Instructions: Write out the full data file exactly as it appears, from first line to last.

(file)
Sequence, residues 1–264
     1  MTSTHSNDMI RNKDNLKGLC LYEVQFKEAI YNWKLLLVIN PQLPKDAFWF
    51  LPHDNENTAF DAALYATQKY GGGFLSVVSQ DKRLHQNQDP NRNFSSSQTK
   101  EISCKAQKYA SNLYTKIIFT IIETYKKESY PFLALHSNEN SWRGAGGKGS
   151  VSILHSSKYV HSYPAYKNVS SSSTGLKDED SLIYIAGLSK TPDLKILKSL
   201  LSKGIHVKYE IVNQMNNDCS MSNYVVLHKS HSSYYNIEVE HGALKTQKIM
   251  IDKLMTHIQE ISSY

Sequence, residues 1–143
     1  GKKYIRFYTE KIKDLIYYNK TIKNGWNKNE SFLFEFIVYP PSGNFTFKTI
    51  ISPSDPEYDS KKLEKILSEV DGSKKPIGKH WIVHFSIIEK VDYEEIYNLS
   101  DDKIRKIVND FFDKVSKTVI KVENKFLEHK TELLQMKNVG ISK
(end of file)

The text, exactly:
Sequence, residues 1–264
     1  MTSTHSNDMI RNKDNLKGLC LYEVQFKEAI YNWKLLLVIN PQLPKDAFWF
    51  LPHDNENTAF DAALYATQKY GGGFLSVVSQ DKRLHQNQDP NRNFSSSQTK
   101  EISCKAQKYA SNLYTKIIFT IIETYKKESY PFLALHSNEN SWRGAGGKGS
   151  VSILHSSKYV HSYPAYKNVS SSSTGLKDED SLIYIAGLSK TPDLKILKSL
   201  LSKGIHVKYE IVNQMNNDCS MSNYVVLHKS HSSYYNIEVE HGALKTQKIM
   251  IDKLMTHIQE ISSY

Sequence, residues 1–143
     1  GKKYIRFYTE KIKDLIYYNK TIKNGWNKNE SFLFEFIVYP PSGNFTFKTI
    51  ISPSDPEYDS KKLEKILSEV DGSKKPIGKH WIVHFSIIEK VDYEEIYNLS
   101  DDKIRKIVND FFDKVSKTVI KVENKFLEHK TELLQMKNVG ISK